Paul Craig Roberts has made the same point - the gold price is being manipulated to make the dollar appear stronger, rather than to cripple the gold market. If over the last several years, the Dollar Index had continuously fallen and the gold price steadily risen, it would have undermined the Federal Reserve's claims that quantitative easing had saved us from the brink of collapse. Viewed this way, a self-interested collusion between major banks and their patrons in government makes sense. Imagine if you were facing the destruction of your wealth, power, and status - and had the means to forestall it.

 

Fortunately for gold investors, forestalling is not the same as correcting. Just as any manipulation prior to the credit crisis didn't prevent it from occurring, today's tactics will not lessen massive public debts nor return value to an inflated currency.

 

A Second Chance

 

If gold price manipulation is true, then these banks and governments have done a tremendous favor to those who understand the gold market. Unexpected volatility and bull market corrections shake out those speculators who are trying to make a quick buck or who do not have the courage of their convictions. Investors have been given a multi-year free pass to learn about monetary policy, commodities, and investing while gold waits at affordable prices to be bought.

 

Perhaps absent these manipulations, gold would have grown into a frenzied mania as the whole Western world attempted to safeguard their wealth at once. In fact, I believe this is a likely outcome as the various schemes that are keeping the West afloat start to come apart.

 

If you're skeptical of big banks and big government, gold manipulation shouldn't put you off investing in sound money. Instead, consider it as you would a gift horse. Instead of looking it thoroughly in the mouth, smile and graciously accept your good fortune.


Peter Schiff is Chairman of Euro Pacific Precious Metals.

If you would like more information about Euro Pacific Precious Metals, click here. For the fastest service, call 1-888-GOLD-160.
THE FORCE IS STRONG WITH THIS ONE

(Click to enlarge)

Jon Pawelko publishes the web comic Lampoon The System to poke fun at insane economic policies and educate the public on sound economics.

Click here for more cartoons and information on his anthology book, available for only $15.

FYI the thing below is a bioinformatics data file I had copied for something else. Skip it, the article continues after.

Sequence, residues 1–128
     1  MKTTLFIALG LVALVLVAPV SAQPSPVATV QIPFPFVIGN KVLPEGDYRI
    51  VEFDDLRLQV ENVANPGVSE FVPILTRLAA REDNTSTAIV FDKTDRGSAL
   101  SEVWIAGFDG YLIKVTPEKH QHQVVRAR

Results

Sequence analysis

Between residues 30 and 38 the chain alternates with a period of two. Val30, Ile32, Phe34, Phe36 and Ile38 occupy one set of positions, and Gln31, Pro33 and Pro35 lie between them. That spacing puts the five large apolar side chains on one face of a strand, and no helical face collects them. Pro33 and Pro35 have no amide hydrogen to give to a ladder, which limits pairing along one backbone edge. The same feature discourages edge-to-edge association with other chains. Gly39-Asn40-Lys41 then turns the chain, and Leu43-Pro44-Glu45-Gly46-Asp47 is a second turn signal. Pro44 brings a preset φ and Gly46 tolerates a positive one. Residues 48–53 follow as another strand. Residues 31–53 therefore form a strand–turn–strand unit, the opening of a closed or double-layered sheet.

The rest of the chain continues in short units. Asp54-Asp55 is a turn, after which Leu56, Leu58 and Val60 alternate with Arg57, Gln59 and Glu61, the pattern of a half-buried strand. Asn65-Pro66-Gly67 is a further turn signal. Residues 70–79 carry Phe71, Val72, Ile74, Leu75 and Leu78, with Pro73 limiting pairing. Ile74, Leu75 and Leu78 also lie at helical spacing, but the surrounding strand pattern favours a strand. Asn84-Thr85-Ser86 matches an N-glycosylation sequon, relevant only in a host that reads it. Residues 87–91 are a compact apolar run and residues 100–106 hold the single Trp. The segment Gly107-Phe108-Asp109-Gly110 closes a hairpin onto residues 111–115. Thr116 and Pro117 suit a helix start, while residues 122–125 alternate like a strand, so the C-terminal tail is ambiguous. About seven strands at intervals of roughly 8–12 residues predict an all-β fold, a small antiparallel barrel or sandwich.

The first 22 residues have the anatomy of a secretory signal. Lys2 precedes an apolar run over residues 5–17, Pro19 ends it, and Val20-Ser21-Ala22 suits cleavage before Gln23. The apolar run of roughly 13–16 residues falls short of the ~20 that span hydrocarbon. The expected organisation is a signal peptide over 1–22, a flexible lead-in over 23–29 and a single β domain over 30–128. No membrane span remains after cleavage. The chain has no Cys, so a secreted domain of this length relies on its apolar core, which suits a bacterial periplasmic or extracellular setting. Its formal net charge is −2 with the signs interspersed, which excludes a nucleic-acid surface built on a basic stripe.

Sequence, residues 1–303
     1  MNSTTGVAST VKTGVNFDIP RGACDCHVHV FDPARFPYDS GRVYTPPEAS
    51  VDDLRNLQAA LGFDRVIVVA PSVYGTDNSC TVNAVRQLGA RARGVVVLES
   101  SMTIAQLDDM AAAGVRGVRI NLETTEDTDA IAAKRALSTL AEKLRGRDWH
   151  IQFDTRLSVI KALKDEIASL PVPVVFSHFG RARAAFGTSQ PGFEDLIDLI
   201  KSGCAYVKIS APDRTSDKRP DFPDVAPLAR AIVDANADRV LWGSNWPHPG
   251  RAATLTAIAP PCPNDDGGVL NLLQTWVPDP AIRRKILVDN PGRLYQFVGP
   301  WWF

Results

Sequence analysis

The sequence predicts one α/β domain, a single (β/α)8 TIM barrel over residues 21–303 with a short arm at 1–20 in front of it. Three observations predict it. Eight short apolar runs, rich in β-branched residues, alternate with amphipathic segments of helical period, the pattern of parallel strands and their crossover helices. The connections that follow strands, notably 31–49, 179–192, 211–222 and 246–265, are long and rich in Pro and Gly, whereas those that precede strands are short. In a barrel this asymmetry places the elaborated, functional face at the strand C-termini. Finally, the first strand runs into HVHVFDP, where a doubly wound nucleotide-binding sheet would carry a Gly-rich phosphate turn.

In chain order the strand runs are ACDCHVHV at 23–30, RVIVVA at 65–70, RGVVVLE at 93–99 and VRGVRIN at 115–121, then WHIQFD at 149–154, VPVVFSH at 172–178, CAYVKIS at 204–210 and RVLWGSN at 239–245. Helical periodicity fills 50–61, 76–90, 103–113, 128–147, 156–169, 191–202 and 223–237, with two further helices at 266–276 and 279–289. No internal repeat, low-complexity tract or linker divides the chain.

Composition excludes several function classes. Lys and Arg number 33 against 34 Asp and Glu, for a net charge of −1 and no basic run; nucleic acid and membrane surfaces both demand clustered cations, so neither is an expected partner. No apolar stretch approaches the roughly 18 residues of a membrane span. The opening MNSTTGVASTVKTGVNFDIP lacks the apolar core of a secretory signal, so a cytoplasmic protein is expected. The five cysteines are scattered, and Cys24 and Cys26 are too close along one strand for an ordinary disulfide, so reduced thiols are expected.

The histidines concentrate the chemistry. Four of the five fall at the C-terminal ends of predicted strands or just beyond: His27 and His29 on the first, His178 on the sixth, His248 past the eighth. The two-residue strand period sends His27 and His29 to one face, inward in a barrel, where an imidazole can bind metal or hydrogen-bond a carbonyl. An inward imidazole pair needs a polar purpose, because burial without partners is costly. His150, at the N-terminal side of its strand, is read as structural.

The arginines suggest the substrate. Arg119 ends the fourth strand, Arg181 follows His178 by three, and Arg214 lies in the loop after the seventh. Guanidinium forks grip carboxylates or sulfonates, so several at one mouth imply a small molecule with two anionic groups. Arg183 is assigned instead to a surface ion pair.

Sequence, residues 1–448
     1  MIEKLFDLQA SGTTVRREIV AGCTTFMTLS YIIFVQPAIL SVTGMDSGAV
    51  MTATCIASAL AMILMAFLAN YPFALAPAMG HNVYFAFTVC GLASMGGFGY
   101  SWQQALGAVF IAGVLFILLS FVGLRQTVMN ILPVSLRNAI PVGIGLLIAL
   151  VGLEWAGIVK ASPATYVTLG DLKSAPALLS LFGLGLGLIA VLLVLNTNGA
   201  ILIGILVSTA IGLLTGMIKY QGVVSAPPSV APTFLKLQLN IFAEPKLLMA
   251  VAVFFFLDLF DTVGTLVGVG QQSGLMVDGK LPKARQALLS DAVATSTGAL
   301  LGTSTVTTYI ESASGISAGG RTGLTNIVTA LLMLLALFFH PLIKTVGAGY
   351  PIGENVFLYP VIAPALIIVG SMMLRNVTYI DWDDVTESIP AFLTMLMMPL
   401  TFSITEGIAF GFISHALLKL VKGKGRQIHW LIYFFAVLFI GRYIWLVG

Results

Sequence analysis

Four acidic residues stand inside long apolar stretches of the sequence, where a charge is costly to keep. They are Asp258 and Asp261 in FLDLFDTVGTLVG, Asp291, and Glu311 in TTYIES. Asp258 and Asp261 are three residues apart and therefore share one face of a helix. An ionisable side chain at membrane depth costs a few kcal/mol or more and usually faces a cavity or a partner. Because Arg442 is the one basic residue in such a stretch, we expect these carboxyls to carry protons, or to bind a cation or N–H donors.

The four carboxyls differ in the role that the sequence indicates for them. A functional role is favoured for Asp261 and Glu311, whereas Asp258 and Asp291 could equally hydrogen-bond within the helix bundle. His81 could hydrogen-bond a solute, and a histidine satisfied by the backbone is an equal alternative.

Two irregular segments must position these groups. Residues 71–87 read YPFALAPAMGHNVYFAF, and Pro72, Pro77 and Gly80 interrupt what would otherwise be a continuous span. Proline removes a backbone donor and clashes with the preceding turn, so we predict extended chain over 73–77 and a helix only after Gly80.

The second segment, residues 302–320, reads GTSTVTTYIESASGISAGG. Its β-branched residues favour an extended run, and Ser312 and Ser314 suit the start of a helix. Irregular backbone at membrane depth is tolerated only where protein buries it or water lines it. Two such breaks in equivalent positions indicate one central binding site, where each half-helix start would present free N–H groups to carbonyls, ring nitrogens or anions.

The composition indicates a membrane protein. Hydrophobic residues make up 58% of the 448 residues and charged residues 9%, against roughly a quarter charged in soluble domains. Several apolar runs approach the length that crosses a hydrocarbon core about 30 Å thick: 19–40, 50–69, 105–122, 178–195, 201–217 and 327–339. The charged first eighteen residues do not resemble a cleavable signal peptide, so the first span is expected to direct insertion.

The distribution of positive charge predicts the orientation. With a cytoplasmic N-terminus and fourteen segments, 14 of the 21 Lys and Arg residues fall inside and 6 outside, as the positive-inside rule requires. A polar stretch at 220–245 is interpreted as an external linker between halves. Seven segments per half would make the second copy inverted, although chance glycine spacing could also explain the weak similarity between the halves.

LISTEN, SILVER - WE NEED TO TALK 
By Jeff Clark of Casey Research

I wrote to Silver last week, and she answered back. I'd like to share our correspondence with you.
 
Dear Silver,

Happy anniversary. It was on April 25, 2011 that you hit $49.80 per ounce in the New York spot market. Today, three years later, you sell for around $20, nearly 60% less. Is your bear market almost over, or are these low prices here to stay? Your price has lagged gold this year, so your normal volatility is lacking. How much longer will you be stuck?

Sincerely,
Jeff Clark


Here's her polite response:

Dear Mr. Clark,

I have good news for you. While some investors have lost interest in me, and my price is at 2010 levels, things will soon change.


I put together this historical chart for you, and I hope you'll share it with your fellow silver investors. It shows every major bear market over the past four decades. The black line represents what's taken place from April 2011 through last Friday.

 (Click to enlarge)
 
Of the seven prior bear markets, four lasted longer and three were shorter. Four declined less than today; two were about the same; and only one was significantly deeper.

If I were to match the two longest bear markets, my price would stay down until this October. If it matched the other two longer bear markets, it would end this summer.

Over the past 40 years, there has been no bear market that would extend my low past this October.

Or my low may already be in.

Either way, I think it's safe to say that I'm close to the end of my down cycle. In fact, the historical data say the opportunity to buy me at $20 or less will soon be unavailable.

Let me relay some other data to you that also signal current prices can't last too much longer.